How to study as a mathematics major
- Alcock, Lara.
- First edition.
- Oxford : Oxford University Press, 2013.
- Physical description
- xvi, 272 pages : illustrations ; 20 cm
QA37.3 .A43 2013
- Unknown QA37.3 .A43 2013
- Includes bibliographical references (pages 248-262) and index.
- PART 1: MATHEMATICS -- Introduction -- 1. Calculation Procedures -- 2. Abstract Objects -- 3. Definitions -- 4. Theorems -- 5. Proof -- 6. Proof Types and Tricks -- 7. Reading Mathematics -- 8. Writing Mathematics -- PART 2: STUDY SKILLS -- 9. Lectures -- 10. Other People -- 11. Time Management -- 12. Panic -- 13. (Not) Being the Best -- 14. What Mathematics Professors Do.
- (source: Nielsen Book Data)
- Publisher's Summary
- Every year, thousands of students in the USA declare mathematics as their major. Many are extremely intelligent and hardworking. However, even the best will encounter challenges, because upper-level mathematics involves not only independent study and learning from lectures, but also a fundamental shift from calculation to proof. This shift is demanding but it need not be mysterious - research has revealed many insights into the mathematical thinking required, and this book translates these into practical advice for a student audience. It covers every aspect of studying as a mathematics major, from tackling abstract intellectual challenges to interacting with professors and making good use of study time. Part 1 discusses the nature of upper-level mathematics, and explains how students can adapt and extend their existing skills in order to develop good understanding. Part 2 covers study skills as these relate to mathematics, and suggests practical approaches to learning effectively while enjoying undergraduate life. As the first mathematics-specific study guide, this friendly, practical text is essential reading for any mathematics major.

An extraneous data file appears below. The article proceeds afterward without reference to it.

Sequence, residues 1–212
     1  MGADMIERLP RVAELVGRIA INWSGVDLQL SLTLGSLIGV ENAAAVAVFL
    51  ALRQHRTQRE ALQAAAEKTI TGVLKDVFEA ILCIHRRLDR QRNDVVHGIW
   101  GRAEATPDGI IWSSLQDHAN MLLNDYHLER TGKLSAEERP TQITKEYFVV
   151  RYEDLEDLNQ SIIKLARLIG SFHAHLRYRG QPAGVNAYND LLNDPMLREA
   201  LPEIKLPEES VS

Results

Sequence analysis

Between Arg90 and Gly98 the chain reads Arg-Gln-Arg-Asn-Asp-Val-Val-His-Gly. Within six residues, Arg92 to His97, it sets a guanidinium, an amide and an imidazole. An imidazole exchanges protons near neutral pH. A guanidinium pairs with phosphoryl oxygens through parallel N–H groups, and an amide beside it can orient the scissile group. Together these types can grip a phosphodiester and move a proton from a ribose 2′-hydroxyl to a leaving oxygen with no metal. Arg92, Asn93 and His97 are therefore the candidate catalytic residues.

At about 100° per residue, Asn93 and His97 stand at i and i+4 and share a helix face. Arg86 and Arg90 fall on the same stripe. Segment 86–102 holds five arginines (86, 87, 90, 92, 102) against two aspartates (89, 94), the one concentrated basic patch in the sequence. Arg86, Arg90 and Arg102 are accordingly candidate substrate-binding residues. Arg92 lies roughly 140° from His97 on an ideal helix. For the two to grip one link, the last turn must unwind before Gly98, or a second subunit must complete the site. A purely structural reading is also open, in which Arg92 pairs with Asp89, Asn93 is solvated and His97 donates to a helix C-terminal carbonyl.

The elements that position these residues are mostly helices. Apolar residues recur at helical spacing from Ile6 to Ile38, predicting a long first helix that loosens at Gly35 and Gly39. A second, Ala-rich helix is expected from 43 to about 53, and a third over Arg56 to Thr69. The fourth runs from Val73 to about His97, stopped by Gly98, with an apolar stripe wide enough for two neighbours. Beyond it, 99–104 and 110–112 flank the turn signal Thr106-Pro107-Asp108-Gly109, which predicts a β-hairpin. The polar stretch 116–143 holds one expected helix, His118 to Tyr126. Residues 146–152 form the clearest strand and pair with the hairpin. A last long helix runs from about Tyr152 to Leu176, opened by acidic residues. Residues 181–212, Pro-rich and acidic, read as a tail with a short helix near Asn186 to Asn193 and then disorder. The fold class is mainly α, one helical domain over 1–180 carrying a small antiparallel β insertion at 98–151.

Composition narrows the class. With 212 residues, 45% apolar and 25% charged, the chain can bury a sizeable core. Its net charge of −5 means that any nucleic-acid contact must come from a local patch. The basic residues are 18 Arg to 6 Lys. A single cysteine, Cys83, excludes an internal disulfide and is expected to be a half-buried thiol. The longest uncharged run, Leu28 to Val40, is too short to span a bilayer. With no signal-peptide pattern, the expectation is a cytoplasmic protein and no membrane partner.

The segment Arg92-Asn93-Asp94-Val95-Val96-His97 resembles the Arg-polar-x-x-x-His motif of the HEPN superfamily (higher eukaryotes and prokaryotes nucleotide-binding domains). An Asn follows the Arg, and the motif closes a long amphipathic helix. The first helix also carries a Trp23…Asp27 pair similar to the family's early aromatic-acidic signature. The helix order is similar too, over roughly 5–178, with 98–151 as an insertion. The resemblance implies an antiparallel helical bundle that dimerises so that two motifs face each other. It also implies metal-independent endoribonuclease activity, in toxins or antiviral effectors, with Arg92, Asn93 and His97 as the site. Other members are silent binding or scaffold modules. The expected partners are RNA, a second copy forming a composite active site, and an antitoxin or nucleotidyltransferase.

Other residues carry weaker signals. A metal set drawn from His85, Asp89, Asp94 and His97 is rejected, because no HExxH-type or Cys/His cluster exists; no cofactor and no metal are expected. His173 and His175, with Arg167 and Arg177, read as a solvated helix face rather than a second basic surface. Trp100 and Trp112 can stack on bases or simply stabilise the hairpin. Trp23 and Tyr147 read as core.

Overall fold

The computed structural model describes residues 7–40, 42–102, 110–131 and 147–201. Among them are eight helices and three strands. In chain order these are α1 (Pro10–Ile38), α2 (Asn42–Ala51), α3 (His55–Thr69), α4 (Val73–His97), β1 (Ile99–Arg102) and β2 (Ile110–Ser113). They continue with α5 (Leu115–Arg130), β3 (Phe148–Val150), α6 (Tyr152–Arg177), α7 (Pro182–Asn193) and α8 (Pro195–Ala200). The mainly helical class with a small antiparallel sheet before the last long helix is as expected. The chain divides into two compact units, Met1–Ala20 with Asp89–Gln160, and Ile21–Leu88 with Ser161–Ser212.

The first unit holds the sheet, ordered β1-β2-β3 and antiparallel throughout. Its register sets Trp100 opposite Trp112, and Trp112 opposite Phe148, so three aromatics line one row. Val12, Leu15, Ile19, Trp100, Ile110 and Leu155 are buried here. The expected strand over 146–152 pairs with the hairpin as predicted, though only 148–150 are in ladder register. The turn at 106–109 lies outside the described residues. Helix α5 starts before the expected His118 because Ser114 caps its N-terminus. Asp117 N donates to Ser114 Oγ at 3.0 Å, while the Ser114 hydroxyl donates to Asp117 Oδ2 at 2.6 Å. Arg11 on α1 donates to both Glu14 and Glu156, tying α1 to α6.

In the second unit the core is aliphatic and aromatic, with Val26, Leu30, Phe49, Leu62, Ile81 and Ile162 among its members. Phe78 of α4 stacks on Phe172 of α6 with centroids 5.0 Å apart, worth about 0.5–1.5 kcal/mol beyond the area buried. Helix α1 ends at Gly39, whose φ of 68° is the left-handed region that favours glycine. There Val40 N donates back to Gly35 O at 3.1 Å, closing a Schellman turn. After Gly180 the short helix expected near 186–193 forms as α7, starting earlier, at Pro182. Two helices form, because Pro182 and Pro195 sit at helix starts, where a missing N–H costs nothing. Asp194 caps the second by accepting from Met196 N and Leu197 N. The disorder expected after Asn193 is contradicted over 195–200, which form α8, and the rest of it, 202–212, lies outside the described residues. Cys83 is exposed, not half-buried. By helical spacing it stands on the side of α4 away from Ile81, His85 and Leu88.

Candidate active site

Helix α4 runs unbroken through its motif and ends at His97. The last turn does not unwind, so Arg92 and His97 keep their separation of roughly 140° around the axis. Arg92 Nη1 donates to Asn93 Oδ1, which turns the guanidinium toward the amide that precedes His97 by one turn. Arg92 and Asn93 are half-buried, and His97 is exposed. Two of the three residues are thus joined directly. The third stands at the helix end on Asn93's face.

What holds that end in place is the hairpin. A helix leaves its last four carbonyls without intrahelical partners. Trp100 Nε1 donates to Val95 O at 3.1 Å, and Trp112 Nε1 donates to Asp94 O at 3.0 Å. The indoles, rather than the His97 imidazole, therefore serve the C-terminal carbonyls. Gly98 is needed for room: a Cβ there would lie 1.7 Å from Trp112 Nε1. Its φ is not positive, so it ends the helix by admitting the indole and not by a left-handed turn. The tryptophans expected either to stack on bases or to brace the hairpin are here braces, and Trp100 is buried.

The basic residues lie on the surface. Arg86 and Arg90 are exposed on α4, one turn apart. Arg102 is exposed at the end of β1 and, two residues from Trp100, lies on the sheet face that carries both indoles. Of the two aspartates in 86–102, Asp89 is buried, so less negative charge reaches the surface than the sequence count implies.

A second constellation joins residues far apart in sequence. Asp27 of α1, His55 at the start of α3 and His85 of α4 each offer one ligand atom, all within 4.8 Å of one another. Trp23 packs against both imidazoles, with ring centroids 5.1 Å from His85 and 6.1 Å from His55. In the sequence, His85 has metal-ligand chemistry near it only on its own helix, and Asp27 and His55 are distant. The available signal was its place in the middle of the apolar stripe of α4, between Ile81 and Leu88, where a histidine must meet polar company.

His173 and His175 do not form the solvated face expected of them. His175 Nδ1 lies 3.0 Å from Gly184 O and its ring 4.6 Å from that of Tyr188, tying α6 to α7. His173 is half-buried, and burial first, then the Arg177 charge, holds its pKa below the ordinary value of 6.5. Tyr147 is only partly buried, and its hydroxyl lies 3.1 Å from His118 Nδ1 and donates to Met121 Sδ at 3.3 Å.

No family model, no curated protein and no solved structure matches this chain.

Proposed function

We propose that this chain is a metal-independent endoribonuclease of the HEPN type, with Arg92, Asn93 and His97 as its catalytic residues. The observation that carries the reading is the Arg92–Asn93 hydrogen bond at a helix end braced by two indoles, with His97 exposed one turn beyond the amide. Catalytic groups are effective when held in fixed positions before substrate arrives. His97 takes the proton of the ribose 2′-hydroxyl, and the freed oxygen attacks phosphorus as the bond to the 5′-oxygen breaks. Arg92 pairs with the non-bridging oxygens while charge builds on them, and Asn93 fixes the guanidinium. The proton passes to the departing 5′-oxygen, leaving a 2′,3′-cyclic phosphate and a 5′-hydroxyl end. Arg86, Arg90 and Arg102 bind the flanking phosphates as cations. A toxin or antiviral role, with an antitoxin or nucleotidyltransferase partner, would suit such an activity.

(source: Nielsen Book Data)
- Publication date
- Lara Alcock.
- Title Variation
- How to study as a math major